BY VARAIDZO MUDEWAIRI/ CATHERINE MUCHIRI
DEMANDS for United States dollar (US$) salaries have increased across all sectors of the economy as a number of employees struggle to buy basic commodities now being charged in the greenback.
Manufacturers of basic commodities are now charging their goods in US dollars for items such as sugar, milk, cooking oil and Mazoe orange crush juice, forcing retailers and wholesalers to follow suit.
Zimbabwe Congress of Trade Unions (ZCTU) president Florence Tavuringa told NewsDay that the union would continue to fight for USD salaries.
“Since time immemorial, ZCTU has been and continues to be on the forefront in the demand for US dollar-based salaries. We will continue to demand US dollar salaries because we continue to have policymakers, particularly the Ministry of Finance, gaggling around their so-called business minds or theories at the expense of citizens,” Taruvinga said.
She said policymakers continued to promulgate policies that are not dealing with real issues on the ground, adding that the union was in the middle of consulting for action.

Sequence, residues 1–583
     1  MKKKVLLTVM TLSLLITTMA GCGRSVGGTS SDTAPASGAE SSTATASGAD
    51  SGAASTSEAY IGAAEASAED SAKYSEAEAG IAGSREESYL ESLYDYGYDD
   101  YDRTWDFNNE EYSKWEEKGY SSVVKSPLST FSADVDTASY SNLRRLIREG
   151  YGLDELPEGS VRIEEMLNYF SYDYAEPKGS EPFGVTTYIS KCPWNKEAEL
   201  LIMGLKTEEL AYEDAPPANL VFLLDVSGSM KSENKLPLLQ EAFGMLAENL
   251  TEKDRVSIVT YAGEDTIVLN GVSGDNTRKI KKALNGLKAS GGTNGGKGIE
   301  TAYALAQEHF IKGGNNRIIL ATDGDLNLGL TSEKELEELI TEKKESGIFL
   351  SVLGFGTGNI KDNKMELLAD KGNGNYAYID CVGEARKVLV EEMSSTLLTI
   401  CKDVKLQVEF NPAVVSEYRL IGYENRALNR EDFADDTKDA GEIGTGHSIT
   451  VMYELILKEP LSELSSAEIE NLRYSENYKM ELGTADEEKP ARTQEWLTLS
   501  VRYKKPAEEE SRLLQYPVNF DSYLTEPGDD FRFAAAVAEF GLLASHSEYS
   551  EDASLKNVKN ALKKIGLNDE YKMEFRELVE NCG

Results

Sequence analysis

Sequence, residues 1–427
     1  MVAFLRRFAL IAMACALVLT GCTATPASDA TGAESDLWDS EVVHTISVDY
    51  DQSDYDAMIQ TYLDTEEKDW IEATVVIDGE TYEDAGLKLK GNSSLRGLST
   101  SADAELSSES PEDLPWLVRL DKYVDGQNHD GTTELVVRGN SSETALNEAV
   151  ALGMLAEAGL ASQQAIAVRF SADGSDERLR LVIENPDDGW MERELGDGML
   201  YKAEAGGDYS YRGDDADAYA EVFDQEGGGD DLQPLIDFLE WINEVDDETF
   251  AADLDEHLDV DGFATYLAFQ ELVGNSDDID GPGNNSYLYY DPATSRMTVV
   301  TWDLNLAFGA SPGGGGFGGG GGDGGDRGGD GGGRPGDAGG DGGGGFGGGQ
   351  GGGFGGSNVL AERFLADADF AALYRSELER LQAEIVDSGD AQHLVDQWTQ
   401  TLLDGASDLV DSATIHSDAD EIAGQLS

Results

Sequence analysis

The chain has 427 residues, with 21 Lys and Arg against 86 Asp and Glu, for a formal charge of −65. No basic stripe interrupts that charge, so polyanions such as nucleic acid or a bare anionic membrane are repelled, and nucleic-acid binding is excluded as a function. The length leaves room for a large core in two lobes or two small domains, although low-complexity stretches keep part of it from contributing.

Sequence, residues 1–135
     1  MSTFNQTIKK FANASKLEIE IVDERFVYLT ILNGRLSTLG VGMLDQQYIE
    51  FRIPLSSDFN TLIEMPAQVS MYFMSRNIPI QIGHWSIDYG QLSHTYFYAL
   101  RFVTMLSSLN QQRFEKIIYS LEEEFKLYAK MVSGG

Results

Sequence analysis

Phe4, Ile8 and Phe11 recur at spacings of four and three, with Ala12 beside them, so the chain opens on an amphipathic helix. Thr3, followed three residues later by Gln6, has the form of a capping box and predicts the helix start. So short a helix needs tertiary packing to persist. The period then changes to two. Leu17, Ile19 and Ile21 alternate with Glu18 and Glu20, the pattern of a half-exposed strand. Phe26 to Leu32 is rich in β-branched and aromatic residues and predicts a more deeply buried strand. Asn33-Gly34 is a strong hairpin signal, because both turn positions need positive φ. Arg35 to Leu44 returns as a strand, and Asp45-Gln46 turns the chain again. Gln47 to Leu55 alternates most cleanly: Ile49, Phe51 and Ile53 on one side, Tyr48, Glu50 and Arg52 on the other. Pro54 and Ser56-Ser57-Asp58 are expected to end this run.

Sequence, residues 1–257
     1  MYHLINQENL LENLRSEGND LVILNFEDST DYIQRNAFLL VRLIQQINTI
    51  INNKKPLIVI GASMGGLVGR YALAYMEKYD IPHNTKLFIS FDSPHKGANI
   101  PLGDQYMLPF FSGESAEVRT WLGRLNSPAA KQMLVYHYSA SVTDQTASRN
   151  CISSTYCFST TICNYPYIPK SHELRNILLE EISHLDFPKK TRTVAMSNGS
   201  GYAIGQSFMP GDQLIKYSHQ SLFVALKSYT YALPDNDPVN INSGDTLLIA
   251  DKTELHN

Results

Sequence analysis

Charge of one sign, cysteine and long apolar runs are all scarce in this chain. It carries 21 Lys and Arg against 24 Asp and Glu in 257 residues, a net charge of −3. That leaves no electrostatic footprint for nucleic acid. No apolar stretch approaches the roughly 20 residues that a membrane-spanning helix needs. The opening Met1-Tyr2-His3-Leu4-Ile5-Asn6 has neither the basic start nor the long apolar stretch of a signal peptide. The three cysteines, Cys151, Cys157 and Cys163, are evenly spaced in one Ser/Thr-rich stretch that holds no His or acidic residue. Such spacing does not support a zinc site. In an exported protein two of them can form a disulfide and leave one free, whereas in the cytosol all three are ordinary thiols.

Employers’ Confederation of Zimbabwe president Demos Mbauya said the ability to pay salaries in forex was largely driven by a company’s ability to sustainably generate foreign currency.
“We have a dual currency system comprising US dollar and the Zimdollar. The ability to pay salaries in US dollar is largely driven by the ability of the company to sustainably generate the US dollars, taking into account other competing demands in the business,” Mbauya said.
“This debate regarding which currency to pay wages and salaries needs to be contextualised. In a stable economic environment, with a stable currency, that debate would not happen. We, therefore, need to locate the source of the problem correctly and deal with it at that level.”
Amalgamated Rural Teachers Union of Zimbabwe tweeted: “Prices have gone up and retailers are demanding forex (US dollar), while the worker’s wage remains constant and valued against the devalued RTGS. We want our (US$)540.”
Progressive Teachers Union of Zimbabwe also tweeted that it was time to pay US dollar salaries as it is pointless to negotiate any remuneration in a currency whose burial order was being typed on the streets of Harare.
In a joint statement released last week, public sector unions said: “The government did not take heed of the call by the workers to improve the US dollar component and that the workers abandon the negotiating process, which do not uphold the constitutional rights of collective bargaining as enshrined in the national Constitution Sec 65(1).”